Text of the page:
QIMR Berghofer’s world-leading immunologist, Professor Rajiv Khanna, has been appointed an Officer of the Order of Australia in this year’s Queen’s Birthday Honours list.
Professor Khanna, who is the Coordinator of QIMR Berghofer’s Centre for Immunotherapy and Vaccine Development, is currently leading four world-first clinical trials using immunotherapy to treat cancers and other conditions.
In 2015, he and collaborators started a clinical trial targeting the malignant cancer glioblastoma, which is one of the deadliest and most difficult-to-treat cancers.
Professor Khanna has also developed an immunotherapy treatment which is currently in clinical trials, both in Australia and internationally, for the head and neck cancer, nasopharyngeal carcinoma.
He and collaborators have developed a cellular treatment for progressive multiple sclerosis, which is also in clinical trials. He has also developed an immune-based therapy, which is currently in clinical trials, to prevent or treat complications in transplant patients.
Professor Khanna said he was very humbled by the honour.
“It’s recognition of 20 years of work, and it’s a recognition of my whole team,” he said.
“Professor Denis Moss and I started to work together on immunotherapy hoping it would lead to new treatments, and that has become a reality. We never imagined that we would be here, where we are today.”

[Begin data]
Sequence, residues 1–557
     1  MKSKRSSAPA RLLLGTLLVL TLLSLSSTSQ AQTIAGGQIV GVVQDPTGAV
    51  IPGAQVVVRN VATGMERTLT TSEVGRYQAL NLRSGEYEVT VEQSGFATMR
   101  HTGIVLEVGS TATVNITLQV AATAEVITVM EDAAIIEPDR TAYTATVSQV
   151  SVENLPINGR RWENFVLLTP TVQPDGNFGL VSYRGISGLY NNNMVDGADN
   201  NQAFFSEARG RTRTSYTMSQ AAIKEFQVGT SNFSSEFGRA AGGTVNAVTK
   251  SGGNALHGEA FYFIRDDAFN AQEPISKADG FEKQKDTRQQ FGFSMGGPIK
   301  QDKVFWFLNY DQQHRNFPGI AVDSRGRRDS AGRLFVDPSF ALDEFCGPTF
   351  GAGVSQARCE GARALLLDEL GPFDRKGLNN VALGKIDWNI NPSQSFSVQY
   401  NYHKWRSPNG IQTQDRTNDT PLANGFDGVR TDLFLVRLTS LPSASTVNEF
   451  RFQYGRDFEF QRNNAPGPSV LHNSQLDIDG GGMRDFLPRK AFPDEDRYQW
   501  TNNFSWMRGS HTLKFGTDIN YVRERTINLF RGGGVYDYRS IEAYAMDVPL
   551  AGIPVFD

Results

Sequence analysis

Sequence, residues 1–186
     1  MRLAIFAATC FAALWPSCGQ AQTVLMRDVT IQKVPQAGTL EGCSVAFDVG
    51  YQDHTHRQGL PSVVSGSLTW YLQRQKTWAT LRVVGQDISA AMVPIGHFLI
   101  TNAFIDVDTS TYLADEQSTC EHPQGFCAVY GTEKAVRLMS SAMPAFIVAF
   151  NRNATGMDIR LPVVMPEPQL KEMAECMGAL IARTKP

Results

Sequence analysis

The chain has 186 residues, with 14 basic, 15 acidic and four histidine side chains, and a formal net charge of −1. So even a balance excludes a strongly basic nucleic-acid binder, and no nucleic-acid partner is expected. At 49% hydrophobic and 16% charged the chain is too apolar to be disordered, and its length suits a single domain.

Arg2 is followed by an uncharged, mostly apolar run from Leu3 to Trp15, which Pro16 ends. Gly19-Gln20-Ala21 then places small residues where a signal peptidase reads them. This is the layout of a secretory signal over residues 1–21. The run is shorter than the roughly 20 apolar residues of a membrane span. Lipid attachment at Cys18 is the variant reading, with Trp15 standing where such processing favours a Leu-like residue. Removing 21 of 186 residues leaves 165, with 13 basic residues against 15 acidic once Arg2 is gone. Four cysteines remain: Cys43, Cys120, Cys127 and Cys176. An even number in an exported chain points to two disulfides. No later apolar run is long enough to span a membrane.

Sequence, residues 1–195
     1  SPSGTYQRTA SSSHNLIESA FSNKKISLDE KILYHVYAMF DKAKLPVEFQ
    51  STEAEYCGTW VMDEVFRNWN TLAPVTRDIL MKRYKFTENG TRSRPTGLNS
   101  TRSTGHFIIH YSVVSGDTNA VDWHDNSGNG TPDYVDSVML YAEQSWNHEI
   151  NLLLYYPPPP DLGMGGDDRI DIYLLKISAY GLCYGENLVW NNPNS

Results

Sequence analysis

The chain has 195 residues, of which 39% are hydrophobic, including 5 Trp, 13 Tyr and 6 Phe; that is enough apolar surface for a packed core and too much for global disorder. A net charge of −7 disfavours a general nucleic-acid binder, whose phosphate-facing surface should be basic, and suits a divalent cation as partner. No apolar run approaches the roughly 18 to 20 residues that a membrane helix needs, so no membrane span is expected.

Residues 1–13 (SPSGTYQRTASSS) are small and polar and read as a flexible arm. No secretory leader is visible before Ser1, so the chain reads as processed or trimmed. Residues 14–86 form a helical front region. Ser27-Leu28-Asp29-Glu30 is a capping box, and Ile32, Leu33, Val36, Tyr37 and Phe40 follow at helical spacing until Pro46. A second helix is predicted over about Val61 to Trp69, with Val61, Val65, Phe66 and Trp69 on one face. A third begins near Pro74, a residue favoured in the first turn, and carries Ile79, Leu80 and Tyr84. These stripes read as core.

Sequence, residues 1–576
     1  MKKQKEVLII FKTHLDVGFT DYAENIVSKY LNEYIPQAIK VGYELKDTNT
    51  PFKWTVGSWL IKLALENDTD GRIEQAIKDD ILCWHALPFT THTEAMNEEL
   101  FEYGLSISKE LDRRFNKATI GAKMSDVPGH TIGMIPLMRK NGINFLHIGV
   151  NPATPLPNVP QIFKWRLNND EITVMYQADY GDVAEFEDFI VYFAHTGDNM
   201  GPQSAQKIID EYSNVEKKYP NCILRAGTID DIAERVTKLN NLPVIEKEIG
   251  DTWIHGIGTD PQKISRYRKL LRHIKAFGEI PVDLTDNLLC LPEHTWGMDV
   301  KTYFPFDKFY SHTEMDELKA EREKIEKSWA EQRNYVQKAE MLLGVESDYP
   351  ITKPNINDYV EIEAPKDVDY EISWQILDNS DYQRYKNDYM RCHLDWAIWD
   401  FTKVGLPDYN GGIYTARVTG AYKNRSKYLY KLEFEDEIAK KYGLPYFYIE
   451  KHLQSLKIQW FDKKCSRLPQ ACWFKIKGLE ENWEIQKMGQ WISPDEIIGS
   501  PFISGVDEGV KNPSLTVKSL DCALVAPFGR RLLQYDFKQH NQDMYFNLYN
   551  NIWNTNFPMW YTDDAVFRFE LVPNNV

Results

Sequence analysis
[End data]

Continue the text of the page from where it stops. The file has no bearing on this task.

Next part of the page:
“If our treatments can improve the life expectancy and the quality of life for patients, then we will have achieved our goal.
“Cancers, like brain cancer, remain a challenge, but I’m sure that with the collaborative work that’s being done at QIMR Berghofer and other institutions we will have some positive outcomes in future.”
Over the last 10 years, immunotherapy has emerged as the “fourth pillar” in cancer treatment, along with surgery, chemotherapy and radiotherapy.
Some immunotherapy treatments involve taking a patient’s own immune cells and “boosting” or “training” them to destroy viruses that are present in cancer cells.
However, in some cases patients are not well enough for their own immune cells to be used. For these patients, Professor Khanna and his team have also developed treatments using immune cells from healthy donors.
Professor Khanna arrived in Australia in 1989 after completing his doctoral studies in India. He started at QIMR Berghofer in 1990, and has spent most of the last 27 years at the Institute.
He has also contributed to the development of stronger relations between Australia and India, particularly in the areas of science and medical research.
QIMR Berghofer’s Director and CEO, Professor Frank Gannon, congratulated Professor Khanna on the award.
“I am delighted that Rajiv has received this great honour,” Professor Gannon said.
“His work stands to improve the way we treat cancers and other debilitating conditions, so this is a very fitting recognition of his contribution to the Australian community.”
A member of the QIMR Berghofer Council, Professor John Shine AO, has also been named a Companion of the Order of Australia for his services to medical research, particularly in the areas of biopharmaceuticals and molecular biology, and for supporting the advancement of innovation in science.